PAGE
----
Tuesday, October 20, 2009

Feature: Park Station

With just under two weeks left of Paul Weinberg’s exhibition - Here and There - the Kalk Bay Modern has decided to use this blog space to showcase and further explore a few choice images from the show.
The exhibition was divided up into four parts, In Search of the San, Travelling Light, Moving Spirit and Once Were Warriors, three of which are also the titles of Paul’s books.  Both the books and the photographic prints are available for purchase at the gallery. We hope that by focussing on certain key images from each section, we will be able to provide information that is useful and inspiring both to those who collect and invest in quality South African art as well as those for whom it is simply a passion. 
Today’s image is from Travelling Light, a play on words concerning both the physics of photography and the conditions necessary to building up a body of work spanning 25 years.     

Park Station, (Joburg, early 1980’s) is a poignant image of a two white children peering out of a train window.  The strong single light-source and smoke  from the train create an atmosphere that is both intense and surreal, capturing the strange magic of travel that children in particular have not yet learned to take for granted.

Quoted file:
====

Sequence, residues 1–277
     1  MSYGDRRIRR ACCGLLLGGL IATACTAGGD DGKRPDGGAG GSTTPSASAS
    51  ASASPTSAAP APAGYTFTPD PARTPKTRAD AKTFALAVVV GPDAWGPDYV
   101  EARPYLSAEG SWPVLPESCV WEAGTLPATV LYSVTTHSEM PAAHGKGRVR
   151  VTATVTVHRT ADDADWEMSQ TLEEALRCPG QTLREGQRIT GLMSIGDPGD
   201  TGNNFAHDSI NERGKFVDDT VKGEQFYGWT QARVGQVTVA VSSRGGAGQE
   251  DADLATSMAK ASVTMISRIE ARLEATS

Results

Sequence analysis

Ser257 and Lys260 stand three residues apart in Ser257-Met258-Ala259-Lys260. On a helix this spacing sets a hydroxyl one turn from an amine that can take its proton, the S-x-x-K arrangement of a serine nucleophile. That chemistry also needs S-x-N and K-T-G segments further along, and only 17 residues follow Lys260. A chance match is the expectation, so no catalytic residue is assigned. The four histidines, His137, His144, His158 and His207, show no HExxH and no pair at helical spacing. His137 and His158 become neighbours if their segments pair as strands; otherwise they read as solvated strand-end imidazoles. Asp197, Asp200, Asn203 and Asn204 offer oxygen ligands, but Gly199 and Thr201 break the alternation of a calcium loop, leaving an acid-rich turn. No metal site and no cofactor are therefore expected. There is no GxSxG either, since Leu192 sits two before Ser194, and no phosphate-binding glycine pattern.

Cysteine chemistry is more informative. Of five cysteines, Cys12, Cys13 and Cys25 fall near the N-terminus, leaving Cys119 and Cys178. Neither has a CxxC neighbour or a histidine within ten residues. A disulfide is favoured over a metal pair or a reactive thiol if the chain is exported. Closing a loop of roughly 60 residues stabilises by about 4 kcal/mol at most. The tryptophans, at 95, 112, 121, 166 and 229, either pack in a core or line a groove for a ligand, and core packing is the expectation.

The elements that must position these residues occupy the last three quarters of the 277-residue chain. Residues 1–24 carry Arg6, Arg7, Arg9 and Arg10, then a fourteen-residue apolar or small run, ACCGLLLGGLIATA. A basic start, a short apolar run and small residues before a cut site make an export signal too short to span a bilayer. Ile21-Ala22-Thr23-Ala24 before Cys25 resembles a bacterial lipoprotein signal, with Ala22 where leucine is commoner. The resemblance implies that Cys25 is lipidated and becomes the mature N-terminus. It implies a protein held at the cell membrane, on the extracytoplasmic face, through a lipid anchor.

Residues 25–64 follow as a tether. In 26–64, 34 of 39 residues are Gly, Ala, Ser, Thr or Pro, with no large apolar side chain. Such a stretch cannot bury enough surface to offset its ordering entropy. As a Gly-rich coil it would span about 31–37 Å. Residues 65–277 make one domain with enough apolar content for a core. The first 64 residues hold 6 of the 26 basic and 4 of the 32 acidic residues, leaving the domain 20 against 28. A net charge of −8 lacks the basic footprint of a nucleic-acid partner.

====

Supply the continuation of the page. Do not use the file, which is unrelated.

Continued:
An understanding of the time and place of its capture however, gives this image a sombre quality. These children have no doubt recently stepped off a ‘Whites Only’ platform.  The freedom that they do not even know they have is not granted to everyone. This journey, and every aspect of their lives, will happen within a net of bias and prejudice that, in all likelihood, they will never be taught to question.
In a show of technical mastery, the composition is arranged so that the gaze of each child, following the diagonals of the train, slides off the image borders into far distances that the viewer is not privy to. The child facing us meets our gaze in a time-old tradition that cannot ever lose its potency.  The meeting of two pairs of eyes, the mutual evaluation, the impossibility of knowing the other, yet the sense of human connection, these elements all combine to create a lingering, haunting image.

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